This February is American Heart Month, a great time to evaluate not just your heart but your overall health. Your systemic health and even oral hygiene can affect the condition of your heart in a few surprising ways.
In 2012, the American Heart Association published a statement linking heart disease to periodontitis, and a number of studies support this conclusion. Gum disease is an infection of the tissues that surround the tooth, which can lead to inflammation and swelling. Heart disease, on the other hand, is inflammation and narrowing of the arteries that surround the heart, and it can lead to heart attacks and stroke. The two have been strongly correlated.
Cause and Effect
There are a number of reasons why the two conditions might be linked. It is entirely possible that the inflammation, infection, and bacteria that appear in unhealthy gums can spread through the bloodstream to the heart, since the gums have a large number of blood vessels in them. It is also possible that causation works in the other direction, and that inflammation in the heart can spread to the gums.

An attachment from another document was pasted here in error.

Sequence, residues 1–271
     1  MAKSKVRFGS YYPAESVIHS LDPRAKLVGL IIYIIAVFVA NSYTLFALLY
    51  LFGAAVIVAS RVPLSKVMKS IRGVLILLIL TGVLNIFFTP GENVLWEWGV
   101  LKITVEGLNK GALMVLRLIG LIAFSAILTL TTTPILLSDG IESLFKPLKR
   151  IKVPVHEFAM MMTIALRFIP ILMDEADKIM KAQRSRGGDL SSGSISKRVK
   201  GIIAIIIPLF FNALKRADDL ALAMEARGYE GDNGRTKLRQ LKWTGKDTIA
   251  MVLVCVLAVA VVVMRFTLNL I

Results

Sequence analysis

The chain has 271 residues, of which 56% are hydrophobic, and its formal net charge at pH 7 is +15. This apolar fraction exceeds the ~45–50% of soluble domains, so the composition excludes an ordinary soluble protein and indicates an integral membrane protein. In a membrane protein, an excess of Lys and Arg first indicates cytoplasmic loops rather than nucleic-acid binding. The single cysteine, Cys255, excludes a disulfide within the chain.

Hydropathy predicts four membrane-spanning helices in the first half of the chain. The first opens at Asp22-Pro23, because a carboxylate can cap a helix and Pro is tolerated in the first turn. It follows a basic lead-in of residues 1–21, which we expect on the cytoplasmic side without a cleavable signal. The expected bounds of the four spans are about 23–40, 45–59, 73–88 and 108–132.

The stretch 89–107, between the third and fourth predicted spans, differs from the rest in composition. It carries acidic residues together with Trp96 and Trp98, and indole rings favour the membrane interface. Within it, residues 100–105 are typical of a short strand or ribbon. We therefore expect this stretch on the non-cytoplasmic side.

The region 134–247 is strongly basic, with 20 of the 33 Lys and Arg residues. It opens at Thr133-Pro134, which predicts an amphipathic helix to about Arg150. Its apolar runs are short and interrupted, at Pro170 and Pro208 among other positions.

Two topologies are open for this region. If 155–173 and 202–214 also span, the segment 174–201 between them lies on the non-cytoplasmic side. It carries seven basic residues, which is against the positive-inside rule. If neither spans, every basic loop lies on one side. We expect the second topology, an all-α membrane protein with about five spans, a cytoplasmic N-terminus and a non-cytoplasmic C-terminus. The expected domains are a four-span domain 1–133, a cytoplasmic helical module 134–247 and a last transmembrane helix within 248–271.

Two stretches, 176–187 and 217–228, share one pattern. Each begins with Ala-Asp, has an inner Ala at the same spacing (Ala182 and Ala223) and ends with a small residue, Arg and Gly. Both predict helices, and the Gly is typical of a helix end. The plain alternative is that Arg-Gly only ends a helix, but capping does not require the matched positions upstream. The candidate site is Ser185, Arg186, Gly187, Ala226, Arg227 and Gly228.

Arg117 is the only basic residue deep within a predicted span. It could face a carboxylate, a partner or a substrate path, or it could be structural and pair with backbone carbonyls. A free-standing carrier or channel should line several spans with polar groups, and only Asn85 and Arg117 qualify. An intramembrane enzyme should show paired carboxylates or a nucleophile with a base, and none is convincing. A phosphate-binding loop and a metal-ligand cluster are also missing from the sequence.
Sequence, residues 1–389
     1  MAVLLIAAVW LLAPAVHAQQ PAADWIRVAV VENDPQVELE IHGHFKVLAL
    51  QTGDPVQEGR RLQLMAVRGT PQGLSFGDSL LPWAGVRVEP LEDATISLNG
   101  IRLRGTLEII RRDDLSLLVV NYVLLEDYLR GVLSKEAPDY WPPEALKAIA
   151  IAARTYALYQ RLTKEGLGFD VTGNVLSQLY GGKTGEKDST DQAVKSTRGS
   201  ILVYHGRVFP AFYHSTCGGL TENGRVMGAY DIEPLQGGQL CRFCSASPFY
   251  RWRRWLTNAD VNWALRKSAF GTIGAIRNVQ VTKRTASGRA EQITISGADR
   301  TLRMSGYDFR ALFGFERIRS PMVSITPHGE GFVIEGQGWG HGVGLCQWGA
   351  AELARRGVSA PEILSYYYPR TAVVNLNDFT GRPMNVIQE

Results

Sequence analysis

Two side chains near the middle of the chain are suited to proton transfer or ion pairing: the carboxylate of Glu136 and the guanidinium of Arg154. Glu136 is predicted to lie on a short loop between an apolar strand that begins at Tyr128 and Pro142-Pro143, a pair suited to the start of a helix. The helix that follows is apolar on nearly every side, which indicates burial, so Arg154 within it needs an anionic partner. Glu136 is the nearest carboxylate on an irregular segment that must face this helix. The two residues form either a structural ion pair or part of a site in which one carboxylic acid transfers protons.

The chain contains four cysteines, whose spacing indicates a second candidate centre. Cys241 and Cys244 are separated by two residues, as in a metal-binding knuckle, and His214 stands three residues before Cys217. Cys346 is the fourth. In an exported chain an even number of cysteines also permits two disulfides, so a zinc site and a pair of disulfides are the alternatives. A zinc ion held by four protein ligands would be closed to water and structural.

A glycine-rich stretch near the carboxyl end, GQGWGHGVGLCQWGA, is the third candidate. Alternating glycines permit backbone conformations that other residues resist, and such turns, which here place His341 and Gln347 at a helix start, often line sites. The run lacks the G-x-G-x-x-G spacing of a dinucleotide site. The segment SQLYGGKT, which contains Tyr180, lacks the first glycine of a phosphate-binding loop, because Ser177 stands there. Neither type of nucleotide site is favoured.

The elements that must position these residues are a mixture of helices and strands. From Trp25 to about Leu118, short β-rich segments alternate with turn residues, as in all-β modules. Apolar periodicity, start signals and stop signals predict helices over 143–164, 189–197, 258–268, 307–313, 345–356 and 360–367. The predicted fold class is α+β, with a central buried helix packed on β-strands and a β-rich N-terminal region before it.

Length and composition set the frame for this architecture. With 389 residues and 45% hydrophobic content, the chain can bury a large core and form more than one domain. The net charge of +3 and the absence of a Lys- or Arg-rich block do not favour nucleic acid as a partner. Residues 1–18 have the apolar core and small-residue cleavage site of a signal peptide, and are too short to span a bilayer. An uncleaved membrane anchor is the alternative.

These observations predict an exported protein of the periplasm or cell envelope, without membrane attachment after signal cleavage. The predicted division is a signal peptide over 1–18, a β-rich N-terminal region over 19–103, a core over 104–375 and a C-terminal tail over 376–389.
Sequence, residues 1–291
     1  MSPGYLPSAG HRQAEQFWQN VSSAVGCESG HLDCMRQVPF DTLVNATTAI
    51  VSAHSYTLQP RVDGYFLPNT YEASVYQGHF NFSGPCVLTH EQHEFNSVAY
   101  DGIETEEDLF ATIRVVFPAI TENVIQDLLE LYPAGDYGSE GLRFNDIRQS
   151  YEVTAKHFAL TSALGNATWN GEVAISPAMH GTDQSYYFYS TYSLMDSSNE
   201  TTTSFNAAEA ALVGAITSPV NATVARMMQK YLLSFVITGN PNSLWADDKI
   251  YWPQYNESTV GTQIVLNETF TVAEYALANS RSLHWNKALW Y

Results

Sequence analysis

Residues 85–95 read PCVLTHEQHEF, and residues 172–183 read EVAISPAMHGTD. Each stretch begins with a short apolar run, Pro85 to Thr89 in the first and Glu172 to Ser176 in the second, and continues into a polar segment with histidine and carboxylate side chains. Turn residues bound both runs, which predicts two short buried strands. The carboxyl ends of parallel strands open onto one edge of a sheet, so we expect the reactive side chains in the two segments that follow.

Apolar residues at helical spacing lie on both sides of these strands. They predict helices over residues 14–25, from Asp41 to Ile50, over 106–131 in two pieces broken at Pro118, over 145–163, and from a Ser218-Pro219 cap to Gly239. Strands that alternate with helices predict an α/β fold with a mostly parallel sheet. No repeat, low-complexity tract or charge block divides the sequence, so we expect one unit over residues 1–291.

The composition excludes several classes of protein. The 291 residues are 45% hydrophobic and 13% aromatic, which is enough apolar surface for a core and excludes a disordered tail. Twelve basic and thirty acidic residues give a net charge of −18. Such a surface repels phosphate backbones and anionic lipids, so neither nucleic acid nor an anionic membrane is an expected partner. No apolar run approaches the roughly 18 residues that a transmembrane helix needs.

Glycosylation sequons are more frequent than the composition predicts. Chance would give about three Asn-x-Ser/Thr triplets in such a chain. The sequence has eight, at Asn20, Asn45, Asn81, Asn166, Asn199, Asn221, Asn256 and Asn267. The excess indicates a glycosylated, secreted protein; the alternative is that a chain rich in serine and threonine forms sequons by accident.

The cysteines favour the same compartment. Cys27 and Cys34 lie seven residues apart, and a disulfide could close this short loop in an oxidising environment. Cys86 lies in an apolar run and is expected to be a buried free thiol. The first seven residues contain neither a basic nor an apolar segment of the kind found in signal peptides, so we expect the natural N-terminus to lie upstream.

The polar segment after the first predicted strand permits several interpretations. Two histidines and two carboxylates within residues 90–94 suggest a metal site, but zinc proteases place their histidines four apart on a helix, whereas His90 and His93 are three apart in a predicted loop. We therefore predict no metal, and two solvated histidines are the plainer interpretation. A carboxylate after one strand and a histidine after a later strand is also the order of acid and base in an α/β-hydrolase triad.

Another distinct possibility is that heart and gum disease are linked to a third, distinct condition. The inflammation might come from another source and cause both problems; it is also worth noting that both heart disease and periodontitis have been linked to risk factors such as old age, smoking, and diabetes.
If you are trying to take better care of your heart this February, you can help your mouth out at the same time. By giving up cigarettes and alcohol, you can improve both your cardiovascular and oral health. You can also improve your systemic health by cutting back on sugar, which can help you lose weight and avoid tooth decay. Finally, although it has not been proven that brushing and flossing more often can improve your heart health, it certainly won’t hurt you!
To learn more about how oral hygiene can affect your overall health, set up a meeting with Dr. Michael Schroer today. Call (757) 645-9565 for an appointment.